Calculating Your Debt–to–Asset Ratio 41

Should Your Primary Residence Be Included in Your Debt Ratio? 43

When to Pay Down Your Debt, and When Not To 45

Advanced Practices and Scenarios 47

Chapter 3: Summary and Checklist 49

Part 2: The Assets–Based Loan Facility 53

Chapter 4: The Value of an Assets–Based Loan Facility (ABLF) 55

What an ABLF Is and How It Works 56

The Many Advantages of Having an ABLF in Place 59

Why Virtually Every Company Has a Line of Credit 61

Surviving Storms and Other Natural Disasters 62

The Criticality of Being Proactive and Assessing Risks 64

Family Finances: First Bank of Mom and Dad; Elder Care Bridge Loan 67

Taking Advantage of Opportunities and Distressed Sales 68

Average ABLF Usage and the Win–Win–Win Scenario 70

Chapter 4: Summary and Checklist 71

Part 3: Scenarios for Success 75

Chapter 5: Long–Term Wealth Amplification through Capturing the Spread 77

The Basic Concept: Inherent Risks with Great Potential Rewards 77

Three Key Factors to Consider 79

Some Scenarios for Capturing the Spread 83

Synching with Your Investment Strategy 93

Chapter 5: Summary and Checklist 93

Chapter 6: Holistic Financing of the Expensive Things You Need and Want 99

A Better Way to Buy: In the Company of Holistic Financial Thinkers 99

Four Principles When Financing the Purchase of a Desired Item 100

A Better Way to Purchase a Vehicle (or Almost Anything Else) 108

Purchasing a Second Home: Pluses and Minuses 111

100 Percent Financing: The No Down Payment Real Estate Purchase Option 117

Chapter 6: Summary and Checklist 119

Chapter 7: Generating Tax–Efficient Income in Retirement or Divorce 123

Introduction: Three Goals (and Some Disclaimers) 123

An Opening Scenario for No Taxes in Retirement 124

Borrowing Versus Selling to Access Your Money 125

A Better Alternative to a Familiar Story 127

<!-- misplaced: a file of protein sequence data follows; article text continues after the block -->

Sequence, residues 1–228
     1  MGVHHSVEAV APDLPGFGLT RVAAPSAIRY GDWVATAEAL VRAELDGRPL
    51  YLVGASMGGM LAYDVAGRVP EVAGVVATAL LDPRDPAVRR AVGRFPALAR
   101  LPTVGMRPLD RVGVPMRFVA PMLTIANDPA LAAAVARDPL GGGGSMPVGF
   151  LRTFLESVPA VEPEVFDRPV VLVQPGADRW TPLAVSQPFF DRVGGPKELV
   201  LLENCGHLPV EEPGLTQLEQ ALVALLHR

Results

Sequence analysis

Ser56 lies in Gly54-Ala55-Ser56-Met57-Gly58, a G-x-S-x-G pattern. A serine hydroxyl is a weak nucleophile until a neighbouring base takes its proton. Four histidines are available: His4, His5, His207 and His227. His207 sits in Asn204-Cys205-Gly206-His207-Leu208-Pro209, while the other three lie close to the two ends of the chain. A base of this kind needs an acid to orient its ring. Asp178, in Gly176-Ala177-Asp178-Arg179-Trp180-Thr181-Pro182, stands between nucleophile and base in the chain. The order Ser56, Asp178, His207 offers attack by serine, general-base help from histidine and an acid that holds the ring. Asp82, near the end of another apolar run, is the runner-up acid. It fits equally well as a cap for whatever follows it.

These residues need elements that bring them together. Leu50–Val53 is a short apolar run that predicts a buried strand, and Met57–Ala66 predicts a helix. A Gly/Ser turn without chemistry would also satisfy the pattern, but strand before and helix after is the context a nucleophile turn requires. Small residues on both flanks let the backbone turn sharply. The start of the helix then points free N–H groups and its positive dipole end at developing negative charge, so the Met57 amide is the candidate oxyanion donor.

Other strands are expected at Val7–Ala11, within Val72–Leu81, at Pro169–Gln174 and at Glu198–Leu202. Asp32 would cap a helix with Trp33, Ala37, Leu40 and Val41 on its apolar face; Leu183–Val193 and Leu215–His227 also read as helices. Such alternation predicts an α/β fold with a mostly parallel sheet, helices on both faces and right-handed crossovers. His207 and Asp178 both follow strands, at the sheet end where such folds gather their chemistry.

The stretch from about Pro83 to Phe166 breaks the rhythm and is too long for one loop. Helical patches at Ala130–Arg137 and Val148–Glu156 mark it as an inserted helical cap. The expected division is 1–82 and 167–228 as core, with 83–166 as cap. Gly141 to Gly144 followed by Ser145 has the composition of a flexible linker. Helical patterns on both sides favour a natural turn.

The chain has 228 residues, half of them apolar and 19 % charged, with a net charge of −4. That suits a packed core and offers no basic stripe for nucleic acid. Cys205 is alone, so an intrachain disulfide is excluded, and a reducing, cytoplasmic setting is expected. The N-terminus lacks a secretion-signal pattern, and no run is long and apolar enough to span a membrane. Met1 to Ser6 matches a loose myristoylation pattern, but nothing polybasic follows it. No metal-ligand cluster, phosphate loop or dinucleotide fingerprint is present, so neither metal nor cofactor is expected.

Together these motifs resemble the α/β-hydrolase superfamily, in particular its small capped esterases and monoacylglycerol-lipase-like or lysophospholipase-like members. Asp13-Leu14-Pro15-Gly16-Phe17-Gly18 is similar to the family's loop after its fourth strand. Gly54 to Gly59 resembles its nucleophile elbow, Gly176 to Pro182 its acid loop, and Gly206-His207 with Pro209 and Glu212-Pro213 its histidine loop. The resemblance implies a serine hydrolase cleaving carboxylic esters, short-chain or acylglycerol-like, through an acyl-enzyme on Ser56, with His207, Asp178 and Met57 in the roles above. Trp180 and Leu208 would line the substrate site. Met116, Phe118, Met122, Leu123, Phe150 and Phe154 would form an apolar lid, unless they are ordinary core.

Tying It Back to Capturing the Spread 128

Revisiting Tax Issues 130

Making Use of Strategic Debt Strategies and Practices in Divorce 138

Chapter 7: Summary and Checklist 143

Chapter 8: Conclusion: What This Book Is Really About 149

What We Hope You Have Taken Away 150

Strategic Debt as a Financial Engine over the Decades 153

Paradoxes of Plenty: Some Surprises in Maintaining an Ideal Debt Ratio 158

Investing in the Future: A Cautionary Reminder 162

A Final Thought 164

Chapter 8 Summary: A Recap of the Book s Significant Lessons 164

Part 4: Appendixes 169

Appendix A: The Varieties of Debt 171

Appendix B: Strategic Debt Practice for the Young and Those with Limited Assets 175

Appendix C: No Guarantees: Limiting the Risks of Investing in a Crazy World 185

Appendix D: Some Examples of Ideal Debt Ratios 209

Glossary 225

Bibliography 229

About the Author 231

About the Companion Website 233

Index 235

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Thomas J. Anderson has an MBA from the University of Chicago and a BSBA from Washington University in St. Louis, where he majored in finance and international business. He has participated in programs at the London School of Economics, Cass Business School at City University London, ESCP Europe, and the Wharton School of the University of Pennsylvania. Tom worked in investment banking in New York before moving into private wealth management. Tom has received multiple distinctions and prominent national recognition for his wealth management accomplishments. His extensive academic studies at some of the top schools in finance and economics, international experience, and institutional background bring a unique perspective to delivering advice to the individual and on The Value of Debt.